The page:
Tag: Seborrheic Dermatitis

Progressive Facial Papules in  an African-American Patient: An Atypical Presentation of Seborrheic Dermatitis

Progressive Facial Papules in an African-American Patient: An Atypical Presentation of Seborrheic Dermatitis

| July 1, 2018

by Daniel P. Friedmann, MD, FAAD; Vineet Mishra, MD, FAAD; and Trevor Batty, BS  Dr. Friedmann is with the Westlake Dermatology Clinical Research Center at Westlake Dermatology & Cosmetic Surgery in Austin, Texas. Dr. Mishra is with the Division of Dermatology and Cutaneous Surgery at the University of Texas Health Science Center at San Antonio […]

Continue Reading

Scalp Seborrheic Dermatitis and Dandruff Therapy Using a Herbal and Zinc Pyrithione-based Therapy of Shampoo and Scalp Lotion

Scalp Seborrheic Dermatitis and Dandruff Therapy Using a Herbal and Zinc Pyrithione-based Therapy of Shampoo and Scalp Lotion

| January 1, 2018

by Deganit Barak-Shinar, PhD, and Lawrence J. Green, MD Dr. Barak-Shinar is Vice President of Clinical, Regulation and Quality Assurance at Kamedis Ltd. in Tel-Aviv, Israel. Dr. Green is  Associate Clinical Professor of Dermatology at The George Washington University School of Medicine in Washington, DC. Funding: This study was wholly funded by Kamedis Ltd. Disclosures: […]

Continue Reading

Dasatinib-induced Seborrheic Dermatitis-like Eruption

Dasatinib-induced Seborrheic Dermatitis-like Eruption

| July 1, 2017

by Ryan R. Riahi, MD, and Philip R. Cohen, MD Dr. Riahi is with DermSurgery Associates, Houston, Texas; and Dr. Cohen is with the Department of Dermatology, University of California San Diego, La Jolla, California. J Clin Aesthet Dermatol. 2017;10(7):23–27 Funding: No funding was provided. Disclosures: The authors have no conflicts of interest relevant to […]

Continue Reading

Adult Seborrheic Dermatitis: A Status Report on Practical Topical Management

| May 17, 2011 | 0 Comments

James Q. Del Rosso, DO, Dermatology Residency Program Director, Valley Hospital Medical Center, Las Vegas, Nevada Disclosure: Dr. Del Rosso is a consultant, speaker, and/or researcher for Allergan, Coria, Galderma, Graceway, Intendis, Leo Pharma, Medicis, Onset Therapeutics, Ortho Dermatology, PharmaDerm, Promius, Quinnova, Ranbaxy, SkinMedica, Stiefel, Triax, Unilever, and Warner Chilcott.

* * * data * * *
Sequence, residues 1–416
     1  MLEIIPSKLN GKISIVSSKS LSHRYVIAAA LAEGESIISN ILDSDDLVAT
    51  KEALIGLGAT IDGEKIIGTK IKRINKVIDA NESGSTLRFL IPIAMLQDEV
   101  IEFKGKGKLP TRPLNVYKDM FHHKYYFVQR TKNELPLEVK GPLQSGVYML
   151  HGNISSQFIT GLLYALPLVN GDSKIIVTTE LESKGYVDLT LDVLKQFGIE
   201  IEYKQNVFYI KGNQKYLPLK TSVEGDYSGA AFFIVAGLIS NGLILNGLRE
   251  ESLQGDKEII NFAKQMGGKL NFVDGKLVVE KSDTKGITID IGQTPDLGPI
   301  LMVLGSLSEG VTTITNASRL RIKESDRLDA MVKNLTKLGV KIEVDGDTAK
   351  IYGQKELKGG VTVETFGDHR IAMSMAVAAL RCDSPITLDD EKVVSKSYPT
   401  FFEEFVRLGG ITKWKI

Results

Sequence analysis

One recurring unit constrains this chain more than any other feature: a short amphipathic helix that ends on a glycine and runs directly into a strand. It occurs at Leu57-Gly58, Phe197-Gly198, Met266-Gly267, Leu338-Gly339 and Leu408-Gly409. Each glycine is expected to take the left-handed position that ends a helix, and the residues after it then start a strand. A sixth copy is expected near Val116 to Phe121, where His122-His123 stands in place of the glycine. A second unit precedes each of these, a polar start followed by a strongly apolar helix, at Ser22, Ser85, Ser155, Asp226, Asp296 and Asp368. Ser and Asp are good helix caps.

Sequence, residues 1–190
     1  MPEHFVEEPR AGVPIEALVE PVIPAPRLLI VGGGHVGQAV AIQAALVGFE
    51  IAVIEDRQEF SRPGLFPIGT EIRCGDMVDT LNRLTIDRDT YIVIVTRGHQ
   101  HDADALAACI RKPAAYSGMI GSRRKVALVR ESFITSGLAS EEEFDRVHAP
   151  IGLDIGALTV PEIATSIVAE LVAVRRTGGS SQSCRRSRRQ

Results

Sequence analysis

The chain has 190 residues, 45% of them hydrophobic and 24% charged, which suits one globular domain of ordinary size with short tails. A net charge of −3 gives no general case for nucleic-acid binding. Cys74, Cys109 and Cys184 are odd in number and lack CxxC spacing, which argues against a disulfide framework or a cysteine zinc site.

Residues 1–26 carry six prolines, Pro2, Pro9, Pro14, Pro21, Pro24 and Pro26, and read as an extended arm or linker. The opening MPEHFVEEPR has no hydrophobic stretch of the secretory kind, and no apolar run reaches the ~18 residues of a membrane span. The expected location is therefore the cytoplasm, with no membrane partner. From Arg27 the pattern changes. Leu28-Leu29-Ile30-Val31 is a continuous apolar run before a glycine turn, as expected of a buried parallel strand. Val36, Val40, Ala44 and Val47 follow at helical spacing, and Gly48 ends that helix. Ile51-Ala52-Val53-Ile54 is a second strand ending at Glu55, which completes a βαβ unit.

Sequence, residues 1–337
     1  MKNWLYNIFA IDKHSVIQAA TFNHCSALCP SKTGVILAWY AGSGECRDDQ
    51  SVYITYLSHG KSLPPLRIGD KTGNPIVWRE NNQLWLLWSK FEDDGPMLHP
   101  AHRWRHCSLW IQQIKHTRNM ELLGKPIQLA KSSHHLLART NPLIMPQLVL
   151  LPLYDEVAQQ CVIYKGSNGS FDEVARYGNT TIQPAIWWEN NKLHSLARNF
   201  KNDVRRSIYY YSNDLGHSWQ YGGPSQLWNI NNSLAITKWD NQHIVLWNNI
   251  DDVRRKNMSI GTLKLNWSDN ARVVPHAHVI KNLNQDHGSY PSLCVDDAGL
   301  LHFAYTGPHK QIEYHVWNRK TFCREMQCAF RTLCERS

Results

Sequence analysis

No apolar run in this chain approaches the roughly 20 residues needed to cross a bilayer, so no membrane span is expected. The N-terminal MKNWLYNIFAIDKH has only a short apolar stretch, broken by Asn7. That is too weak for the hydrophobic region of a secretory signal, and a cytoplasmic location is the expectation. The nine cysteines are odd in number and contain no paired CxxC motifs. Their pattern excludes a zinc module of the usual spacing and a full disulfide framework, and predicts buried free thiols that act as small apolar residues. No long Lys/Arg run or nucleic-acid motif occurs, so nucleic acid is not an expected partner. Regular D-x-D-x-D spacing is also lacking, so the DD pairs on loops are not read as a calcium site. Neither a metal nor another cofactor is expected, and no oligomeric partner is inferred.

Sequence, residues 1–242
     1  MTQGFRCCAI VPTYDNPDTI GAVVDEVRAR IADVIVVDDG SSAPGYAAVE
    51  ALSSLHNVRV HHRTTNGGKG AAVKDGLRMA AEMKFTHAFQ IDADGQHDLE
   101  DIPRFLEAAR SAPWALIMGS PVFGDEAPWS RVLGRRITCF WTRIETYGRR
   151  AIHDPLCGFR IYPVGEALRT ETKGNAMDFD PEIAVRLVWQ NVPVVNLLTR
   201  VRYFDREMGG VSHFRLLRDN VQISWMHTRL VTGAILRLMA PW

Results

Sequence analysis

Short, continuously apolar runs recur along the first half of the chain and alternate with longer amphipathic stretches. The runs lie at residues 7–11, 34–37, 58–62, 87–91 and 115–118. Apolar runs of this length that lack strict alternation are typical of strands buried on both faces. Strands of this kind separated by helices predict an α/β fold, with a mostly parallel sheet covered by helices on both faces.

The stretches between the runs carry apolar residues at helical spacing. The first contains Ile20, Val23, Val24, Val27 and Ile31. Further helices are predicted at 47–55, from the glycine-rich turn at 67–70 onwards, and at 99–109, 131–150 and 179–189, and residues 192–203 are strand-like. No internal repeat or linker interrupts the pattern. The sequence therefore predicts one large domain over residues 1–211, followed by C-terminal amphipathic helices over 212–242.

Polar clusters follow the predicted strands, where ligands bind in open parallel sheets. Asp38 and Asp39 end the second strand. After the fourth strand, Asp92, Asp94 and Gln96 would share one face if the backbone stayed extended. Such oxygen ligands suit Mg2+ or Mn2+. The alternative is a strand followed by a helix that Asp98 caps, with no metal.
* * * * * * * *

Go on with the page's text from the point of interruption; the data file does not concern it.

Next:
Continue Reading

Rational Management of Papulopustular Rosacea With Concomitant Facial Seborrheic Dermatitis-A Case Report

Rational Management of Papulopustular Rosacea With Concomitant Facial Seborrheic Dermatitis-A Case Report

| January 3, 2011 | 0 Comments

Wendy L. McFalda, DO; Heather L. Roebuck, BS, MSN, FNP-BC Clarkston Dermatology, Clarkston, Michigan Abstract Objective: To report a case of papulopustular rosacea with concomitant seborrheic dermatitis and discuss how signs and symptoms were ameliorated using a rational therapeutic approach. Design: Patient case report. Setting: Clinical practice. Participant: One male patient with rosacea, seborrheic dermatitis, […]

Continue Reading

Seborrheic Dermatitis and Malassezia species: How Are They Related?

Seborrheic Dermatitis and Malassezia species: How Are They Related?

| November 5, 2009 | 0 Comments

James Q. Del Rosso, DO, FAOCD; Grace K. Kim, DO Introduction Seborrheic dermatitis (SD) is a common inflammatory dermatoses that may affect infants, adolescents, and adults of all ethnicities and races.[1,2] SD exhibits two incidence peaks, one during infancy, and the other during the fourth to sixth decades of life.[3] The prevalence of SD ranges […]

Continue Reading

The Use of Sodium Sulfacetamide 10%-Sulfur 5% Emollient Foam in the Treatment of Acne Vulgaris

The Use of Sodium Sulfacetamide 10%-Sulfur 5% Emollient Foam in the Treatment of Acne Vulgaris

| August 12, 2009 | 0 Comments

James Q. Del Rosso, DO, FAOCD, Valley Hospital Medical Center, Las Vegas, Nevada Abstract Acne vulgaris is the most common disorder encountered in ambulatory clinical practice comprising 11.3 percent of office visits to dermatologists in 2005.[1] By comparison, eczematous dermatoses, psoriasis, and skin cancer accounted for 6.2, 3.5, and 10 percent of office visits, respectively.[1] […]

Continue Reading